PL EN
Influence of Compost and Chemical Fertilizer on Multi-Metal Contaminated Mine Tailings Phytostabilization by Atriplex nummularia
 
Więcej
Ukryj
1
Georesources and Environment Laboratory, Department of Natural Resources and Environment, Hassan II Agronomy and Veterinary Institute, Rabat, Morocco
2
Laboratory of Geosciences, Department of Geology, Faculty of Science, Ibn Tofail University, Av. de L'Université, Kenitra, Morocco
3
Research Unit on Environment and Conservation of Natural Resources, National Institute for Agricultural Research, Rabat, Morocco
4
International Center for Agricultural Research in the Dry Areas, North-Africa Platform, BP. 6443, Rabat Institutes, Av. Al Irfan, 10100, Morocco
AUTOR DO KORESPONDENCJI
Malika Laghrour   

International Center for Agricultural Research in the Dry Areas. Rabat Institutes, Av. Al Irfan, 10100, Morocco
 
Ecol. Eng. Environ. Technol. 2022; 6:204–215
 
SŁOWA KLUCZOWE
DZIEDZINY
STRESZCZENIE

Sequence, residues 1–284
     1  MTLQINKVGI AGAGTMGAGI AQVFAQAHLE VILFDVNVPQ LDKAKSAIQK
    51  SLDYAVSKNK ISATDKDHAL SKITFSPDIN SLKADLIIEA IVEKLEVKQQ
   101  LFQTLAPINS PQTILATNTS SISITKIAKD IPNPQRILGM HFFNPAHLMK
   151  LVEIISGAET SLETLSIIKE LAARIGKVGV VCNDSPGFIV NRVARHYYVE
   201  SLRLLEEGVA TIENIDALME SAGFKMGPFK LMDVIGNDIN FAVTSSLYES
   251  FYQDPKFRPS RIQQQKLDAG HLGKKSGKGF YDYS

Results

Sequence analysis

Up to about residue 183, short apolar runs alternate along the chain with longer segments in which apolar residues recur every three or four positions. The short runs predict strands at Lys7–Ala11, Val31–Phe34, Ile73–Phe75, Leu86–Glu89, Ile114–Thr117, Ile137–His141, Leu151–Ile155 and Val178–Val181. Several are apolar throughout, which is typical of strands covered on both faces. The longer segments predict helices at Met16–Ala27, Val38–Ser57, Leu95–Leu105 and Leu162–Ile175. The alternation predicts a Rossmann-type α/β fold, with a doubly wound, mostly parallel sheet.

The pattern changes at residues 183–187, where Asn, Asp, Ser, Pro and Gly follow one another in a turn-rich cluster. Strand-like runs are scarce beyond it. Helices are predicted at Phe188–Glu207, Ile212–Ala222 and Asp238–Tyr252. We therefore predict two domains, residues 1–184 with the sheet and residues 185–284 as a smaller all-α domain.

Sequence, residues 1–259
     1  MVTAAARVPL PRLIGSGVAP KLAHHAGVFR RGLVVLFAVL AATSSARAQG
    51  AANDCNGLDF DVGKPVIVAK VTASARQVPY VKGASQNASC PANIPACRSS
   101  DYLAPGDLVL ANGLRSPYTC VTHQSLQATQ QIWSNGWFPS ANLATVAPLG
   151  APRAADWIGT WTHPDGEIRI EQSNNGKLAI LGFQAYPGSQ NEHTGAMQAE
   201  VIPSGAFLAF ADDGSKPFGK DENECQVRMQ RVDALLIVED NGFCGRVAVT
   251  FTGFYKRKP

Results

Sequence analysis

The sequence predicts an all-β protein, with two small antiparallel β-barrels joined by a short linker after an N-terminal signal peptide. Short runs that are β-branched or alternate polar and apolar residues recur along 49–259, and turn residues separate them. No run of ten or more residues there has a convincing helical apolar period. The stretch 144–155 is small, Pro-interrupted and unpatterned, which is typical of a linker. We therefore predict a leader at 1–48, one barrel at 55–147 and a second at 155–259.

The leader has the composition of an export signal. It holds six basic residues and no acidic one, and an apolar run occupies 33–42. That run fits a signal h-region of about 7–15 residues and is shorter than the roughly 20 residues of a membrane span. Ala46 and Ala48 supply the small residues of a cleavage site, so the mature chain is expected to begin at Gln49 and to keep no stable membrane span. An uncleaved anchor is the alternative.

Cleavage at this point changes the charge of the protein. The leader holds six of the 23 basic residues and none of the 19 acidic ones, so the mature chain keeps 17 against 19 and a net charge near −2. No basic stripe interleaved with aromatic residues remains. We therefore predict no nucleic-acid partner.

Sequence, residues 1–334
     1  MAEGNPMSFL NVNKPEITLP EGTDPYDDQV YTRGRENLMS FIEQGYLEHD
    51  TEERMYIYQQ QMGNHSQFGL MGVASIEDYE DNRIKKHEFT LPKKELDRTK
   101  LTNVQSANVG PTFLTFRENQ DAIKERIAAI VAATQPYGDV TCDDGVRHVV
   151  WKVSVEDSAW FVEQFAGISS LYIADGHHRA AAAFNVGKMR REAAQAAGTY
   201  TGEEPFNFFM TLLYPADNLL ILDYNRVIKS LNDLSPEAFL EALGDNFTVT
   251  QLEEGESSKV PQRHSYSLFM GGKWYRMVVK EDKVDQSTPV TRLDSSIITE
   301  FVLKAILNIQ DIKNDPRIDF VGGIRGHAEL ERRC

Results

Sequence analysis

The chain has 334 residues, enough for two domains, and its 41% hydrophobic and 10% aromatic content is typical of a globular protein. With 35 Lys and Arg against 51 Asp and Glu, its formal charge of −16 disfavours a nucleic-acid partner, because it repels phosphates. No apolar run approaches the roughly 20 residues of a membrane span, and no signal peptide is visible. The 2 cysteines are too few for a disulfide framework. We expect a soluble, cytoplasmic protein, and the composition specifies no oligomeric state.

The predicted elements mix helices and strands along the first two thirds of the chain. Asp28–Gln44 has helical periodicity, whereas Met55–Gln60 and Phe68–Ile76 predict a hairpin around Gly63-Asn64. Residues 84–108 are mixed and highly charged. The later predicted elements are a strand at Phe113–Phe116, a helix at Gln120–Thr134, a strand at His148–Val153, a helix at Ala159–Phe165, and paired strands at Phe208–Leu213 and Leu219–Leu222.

Heavy metals in mine tailings induce severe environmental contamination of terrestrial ecosystems. They are hazardous to human health and must be cleaned up. However, ex-situ procedures are costly and soil-destroying. Phytoremediation approaches might be a cost-effective and environmentally friendly option. Phytostabilization of mine tailings, which employs plants, is a commonly used technique for preventing the spread of contaminants and particles from the site. Nutrient-deficient mine tailings must be amended to increase plant growth and phytoremediation performance. This study aims to investigate the tolerance of Atriplex nummularia to high heavy metal levels (Pb, Zn, and Cu) and the effects of compost and chemical fertilizer on biomass generation and heavy metal uptake. Halophyte species have been commonly employed for the phytoremediation of soil polluted with heavy metals. A pot experiment was undertaken with four treatments: T1 (agricultural soil), T2 (mine tailings), T3 (mine tailings mixed with compost), and T4 (mine tailings with chemical fertilizer). Results showed that both amendments demonstrated a significant beneficial effect on growth and biomass production. For all treatments, metals mostly accumulated in the roots, with only a small amount transferred to the shoots. Compost application resulted in a higher Pb concentration in roots than chemical fertilizer. The results of this study suggest that Atriplex nummularia can be used in phytostabilization for these types of mine tailings. However, long-term field data is needed to improve understanding of the Atriplex nummularia tolerance to high concentrations of heavy metals, as well as their uptake and translocation to aerial components.